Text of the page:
Young Marblehead hockey star gets ready to start pro career with Penguins affiliate

Hockey is definitely a family tradition in Matt Koopman’s family. His older twin brothers Ben and Tom were on the 2011 Marblehead High School state championship team, along with cousin Jake Kulevich. Matt’s twin brother Kyle played on the same Providence College team with him for four years and now Matt is following in Jake’s footsteps as a pro. Matt’s maternal grandfather is Alex Kulevich, former MHS athletic director and football coach.

Marblehead’s Matt Koopman is shown playing for the Providence College Friars during his collegiate career, and now it’s onto the pros and the West Virginia Nailers in the ECHL, a minor league affiliate of the NHL’s Pittsburgh Penguins. COURTESY PHOTO

Jake finished up his pro career a couple of years ago in the National Hockey League’s Edmonton Oilers organization as a member of the American Hockey League’s Bakersfield (California) Condors, while Matt is just beginning his pro career in the NHL’s Pittsburgh Penguins organization as a member of the Wheeling Nailers, out of West Virginia, in the ECHL (East Coast Hockey League).

Matt got his start in hockey with the Middlesex Islanders until he reached high school age, when he went on to play two years with the MHS hockey and baseball Magicians, before attending the Berkshire School in the western part of the state to play both sports at the prep level.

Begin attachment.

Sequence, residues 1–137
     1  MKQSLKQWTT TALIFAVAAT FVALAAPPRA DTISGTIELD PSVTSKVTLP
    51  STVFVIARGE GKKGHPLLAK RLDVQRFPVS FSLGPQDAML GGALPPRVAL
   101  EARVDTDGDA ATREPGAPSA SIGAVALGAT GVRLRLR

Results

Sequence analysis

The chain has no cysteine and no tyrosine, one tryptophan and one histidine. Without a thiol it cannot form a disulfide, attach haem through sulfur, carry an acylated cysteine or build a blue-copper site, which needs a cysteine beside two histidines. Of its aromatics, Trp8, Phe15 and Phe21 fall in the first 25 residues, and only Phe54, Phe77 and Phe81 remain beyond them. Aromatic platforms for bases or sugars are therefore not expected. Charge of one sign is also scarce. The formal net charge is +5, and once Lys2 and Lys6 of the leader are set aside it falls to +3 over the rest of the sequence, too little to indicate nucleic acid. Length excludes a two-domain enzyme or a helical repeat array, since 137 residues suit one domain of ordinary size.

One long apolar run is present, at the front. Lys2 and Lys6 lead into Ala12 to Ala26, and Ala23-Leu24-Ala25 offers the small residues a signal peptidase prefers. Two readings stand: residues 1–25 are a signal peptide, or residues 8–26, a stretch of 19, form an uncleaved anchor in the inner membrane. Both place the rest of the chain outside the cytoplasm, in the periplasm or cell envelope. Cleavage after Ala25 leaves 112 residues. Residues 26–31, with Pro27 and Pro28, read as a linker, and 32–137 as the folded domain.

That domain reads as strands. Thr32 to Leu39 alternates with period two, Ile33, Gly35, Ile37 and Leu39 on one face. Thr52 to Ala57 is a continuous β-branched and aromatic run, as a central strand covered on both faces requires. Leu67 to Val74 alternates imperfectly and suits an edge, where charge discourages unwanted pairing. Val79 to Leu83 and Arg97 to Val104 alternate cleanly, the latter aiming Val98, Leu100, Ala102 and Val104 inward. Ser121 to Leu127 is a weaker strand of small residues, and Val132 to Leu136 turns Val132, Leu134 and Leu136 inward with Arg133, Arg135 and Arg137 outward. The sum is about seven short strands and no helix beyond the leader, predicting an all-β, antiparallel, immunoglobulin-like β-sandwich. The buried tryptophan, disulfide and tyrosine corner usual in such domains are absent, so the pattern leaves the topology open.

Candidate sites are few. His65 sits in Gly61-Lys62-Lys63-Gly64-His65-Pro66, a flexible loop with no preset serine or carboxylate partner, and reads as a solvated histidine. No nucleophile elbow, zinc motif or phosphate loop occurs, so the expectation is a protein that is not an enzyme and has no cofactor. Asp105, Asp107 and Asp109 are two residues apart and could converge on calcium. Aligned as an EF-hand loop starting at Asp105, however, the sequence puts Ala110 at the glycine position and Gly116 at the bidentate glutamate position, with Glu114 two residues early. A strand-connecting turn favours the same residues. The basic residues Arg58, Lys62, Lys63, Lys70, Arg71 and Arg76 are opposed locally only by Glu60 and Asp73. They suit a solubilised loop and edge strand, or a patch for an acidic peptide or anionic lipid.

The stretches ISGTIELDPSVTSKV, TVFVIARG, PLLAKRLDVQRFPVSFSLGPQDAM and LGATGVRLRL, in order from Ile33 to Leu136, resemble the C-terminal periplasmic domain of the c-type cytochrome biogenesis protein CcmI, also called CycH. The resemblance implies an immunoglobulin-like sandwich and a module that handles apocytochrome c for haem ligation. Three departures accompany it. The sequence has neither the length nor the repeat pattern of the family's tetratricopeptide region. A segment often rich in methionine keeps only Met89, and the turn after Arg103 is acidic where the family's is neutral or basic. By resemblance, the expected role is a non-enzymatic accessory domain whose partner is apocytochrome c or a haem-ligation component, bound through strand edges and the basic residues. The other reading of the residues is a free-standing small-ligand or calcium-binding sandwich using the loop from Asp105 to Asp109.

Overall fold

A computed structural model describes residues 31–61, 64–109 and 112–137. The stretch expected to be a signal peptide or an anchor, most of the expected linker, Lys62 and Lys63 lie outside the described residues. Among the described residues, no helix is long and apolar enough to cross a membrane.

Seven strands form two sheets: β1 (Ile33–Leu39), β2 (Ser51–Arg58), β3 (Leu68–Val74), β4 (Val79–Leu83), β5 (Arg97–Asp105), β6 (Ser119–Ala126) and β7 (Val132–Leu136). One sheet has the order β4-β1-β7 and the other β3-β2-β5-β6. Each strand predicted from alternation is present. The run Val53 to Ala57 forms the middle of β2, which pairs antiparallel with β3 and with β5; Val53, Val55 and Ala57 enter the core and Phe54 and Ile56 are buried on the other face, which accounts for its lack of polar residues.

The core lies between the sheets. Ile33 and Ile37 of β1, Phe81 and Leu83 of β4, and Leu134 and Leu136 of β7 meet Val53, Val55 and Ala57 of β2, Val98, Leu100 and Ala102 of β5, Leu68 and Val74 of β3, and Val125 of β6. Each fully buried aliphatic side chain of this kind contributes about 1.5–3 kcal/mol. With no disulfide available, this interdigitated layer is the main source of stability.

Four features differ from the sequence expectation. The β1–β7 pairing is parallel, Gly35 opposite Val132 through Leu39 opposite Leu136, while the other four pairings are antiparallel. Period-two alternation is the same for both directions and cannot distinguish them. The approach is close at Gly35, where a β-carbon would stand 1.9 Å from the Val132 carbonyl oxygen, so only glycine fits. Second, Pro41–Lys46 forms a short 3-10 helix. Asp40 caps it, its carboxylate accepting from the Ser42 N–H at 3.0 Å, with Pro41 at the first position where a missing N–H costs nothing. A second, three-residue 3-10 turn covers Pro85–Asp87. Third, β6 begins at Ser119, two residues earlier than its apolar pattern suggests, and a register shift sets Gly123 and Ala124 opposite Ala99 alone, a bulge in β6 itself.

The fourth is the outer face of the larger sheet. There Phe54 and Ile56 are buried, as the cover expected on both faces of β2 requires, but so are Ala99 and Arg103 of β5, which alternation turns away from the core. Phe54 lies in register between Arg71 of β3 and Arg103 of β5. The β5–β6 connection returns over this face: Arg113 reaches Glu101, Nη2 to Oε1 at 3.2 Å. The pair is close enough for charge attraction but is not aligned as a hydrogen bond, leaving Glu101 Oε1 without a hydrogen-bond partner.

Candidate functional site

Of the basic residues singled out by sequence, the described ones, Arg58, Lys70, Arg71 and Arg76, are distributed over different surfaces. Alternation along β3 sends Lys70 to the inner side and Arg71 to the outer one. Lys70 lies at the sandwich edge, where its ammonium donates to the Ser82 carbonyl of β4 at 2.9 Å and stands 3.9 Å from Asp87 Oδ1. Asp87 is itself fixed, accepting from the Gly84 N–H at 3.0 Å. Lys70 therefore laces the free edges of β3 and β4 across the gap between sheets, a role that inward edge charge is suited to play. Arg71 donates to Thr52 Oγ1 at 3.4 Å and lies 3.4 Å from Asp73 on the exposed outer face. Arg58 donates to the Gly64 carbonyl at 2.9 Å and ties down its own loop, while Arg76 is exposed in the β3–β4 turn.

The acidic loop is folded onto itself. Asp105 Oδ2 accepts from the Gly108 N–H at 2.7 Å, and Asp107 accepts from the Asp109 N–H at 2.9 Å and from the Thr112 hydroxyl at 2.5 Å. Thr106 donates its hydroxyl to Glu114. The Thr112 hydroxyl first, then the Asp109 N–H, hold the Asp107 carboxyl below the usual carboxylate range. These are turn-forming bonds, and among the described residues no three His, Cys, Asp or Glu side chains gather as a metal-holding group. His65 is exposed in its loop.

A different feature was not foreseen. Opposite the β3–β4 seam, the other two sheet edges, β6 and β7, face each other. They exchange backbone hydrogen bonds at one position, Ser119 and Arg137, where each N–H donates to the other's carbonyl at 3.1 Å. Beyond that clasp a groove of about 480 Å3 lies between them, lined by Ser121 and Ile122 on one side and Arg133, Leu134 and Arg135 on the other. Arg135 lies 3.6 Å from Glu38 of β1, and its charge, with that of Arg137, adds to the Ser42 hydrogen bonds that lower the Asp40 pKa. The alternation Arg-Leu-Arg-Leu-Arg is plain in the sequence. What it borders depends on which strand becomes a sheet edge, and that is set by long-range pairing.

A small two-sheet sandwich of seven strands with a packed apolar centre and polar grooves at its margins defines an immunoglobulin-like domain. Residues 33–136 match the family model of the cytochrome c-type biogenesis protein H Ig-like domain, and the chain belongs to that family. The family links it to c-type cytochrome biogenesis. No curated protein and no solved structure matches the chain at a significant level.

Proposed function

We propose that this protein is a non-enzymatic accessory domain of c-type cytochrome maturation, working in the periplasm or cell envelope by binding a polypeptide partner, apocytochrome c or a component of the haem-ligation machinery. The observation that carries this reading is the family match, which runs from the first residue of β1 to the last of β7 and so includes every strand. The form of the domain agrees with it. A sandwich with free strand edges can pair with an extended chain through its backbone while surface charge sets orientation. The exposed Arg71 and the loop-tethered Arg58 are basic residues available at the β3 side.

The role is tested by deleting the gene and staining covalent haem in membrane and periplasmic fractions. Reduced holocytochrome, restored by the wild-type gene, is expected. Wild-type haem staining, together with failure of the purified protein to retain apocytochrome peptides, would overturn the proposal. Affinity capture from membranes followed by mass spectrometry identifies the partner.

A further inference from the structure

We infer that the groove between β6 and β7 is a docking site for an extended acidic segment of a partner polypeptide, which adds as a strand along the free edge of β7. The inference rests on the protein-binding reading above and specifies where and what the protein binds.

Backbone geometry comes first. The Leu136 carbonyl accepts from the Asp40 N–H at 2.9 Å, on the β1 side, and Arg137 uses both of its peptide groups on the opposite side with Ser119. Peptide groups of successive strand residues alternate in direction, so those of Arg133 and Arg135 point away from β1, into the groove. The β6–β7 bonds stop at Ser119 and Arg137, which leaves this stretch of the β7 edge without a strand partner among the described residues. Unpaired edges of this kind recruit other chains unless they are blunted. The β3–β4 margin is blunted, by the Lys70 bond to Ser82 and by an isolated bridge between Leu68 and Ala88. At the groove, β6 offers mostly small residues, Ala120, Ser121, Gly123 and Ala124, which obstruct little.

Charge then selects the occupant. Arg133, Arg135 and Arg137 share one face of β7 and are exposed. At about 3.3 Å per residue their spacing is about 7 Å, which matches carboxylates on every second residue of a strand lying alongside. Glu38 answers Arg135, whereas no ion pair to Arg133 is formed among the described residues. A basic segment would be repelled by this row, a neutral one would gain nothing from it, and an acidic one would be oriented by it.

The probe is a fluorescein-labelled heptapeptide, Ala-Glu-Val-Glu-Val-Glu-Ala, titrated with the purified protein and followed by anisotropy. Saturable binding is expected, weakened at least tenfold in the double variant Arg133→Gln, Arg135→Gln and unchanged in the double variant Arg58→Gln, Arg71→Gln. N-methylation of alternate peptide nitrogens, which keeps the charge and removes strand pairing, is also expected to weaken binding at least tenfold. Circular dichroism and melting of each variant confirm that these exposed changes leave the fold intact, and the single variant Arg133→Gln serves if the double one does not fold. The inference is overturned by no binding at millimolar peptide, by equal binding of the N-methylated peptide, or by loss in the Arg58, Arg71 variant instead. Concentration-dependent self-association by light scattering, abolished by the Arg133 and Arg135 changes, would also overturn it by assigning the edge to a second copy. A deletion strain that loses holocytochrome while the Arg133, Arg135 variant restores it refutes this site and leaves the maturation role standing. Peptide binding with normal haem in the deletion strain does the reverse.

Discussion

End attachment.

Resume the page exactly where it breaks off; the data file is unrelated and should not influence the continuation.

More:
“A prep school coach really pushed me to try and do both in college, but I ultimately decided to put everything I have into hockey and see where it takes me,” Matt said.

Marblehead’s next pro hockey player Matt Koopman

Hockey was ultimately his favorite sport to play. “I always had a passion for hockey starting at a young age,” he said. “All my brothers played it, as well as my cousin Jake Kulevich, and so after watching them play in high school I wanted to be like them.

“Jake continues to be someone I look up to after also seeing him go on to play college and professional hockey,” added Matt.

“I had a coach tell me when I was 13 or 14 that I had potential, but you don’t want to be the best at that age, because that doesn’t matter. So, from that point on, I really put the work in to better myself both on and off the ice.”

Matt loves the competitive aspect of hockey, not to mention the connections a player makes along the way. “I’ve been lucky to play on some great teams over the years, and those teams always had a great group of guys,” he said.

As a junior hockey player for the Waterloo Black Hawks, Matt was on defense at times, but mostly he has been either a center or a left winger throughout the rest of his career to date. He currently sees action at both forward positions. But his days as a defenseman gave him a different perspective, and that made him a better player.

“I like playing left wing the most, because I’m someone that likes to play with speed,” he said. “It also allows me to forecheck and be physical on the other team’s defensemen.”

After wrapping up his collegiate career with UMass Amherst in the spring, Marblehead’s Matt Koopman is skating for the West Virginia Nailers of the ECHL, a minor league affiliate of the NHL’s Pittsburgh Penguins. He recently re-signed with the Nailers to play there again this coming season beginning next month with the start of training camp.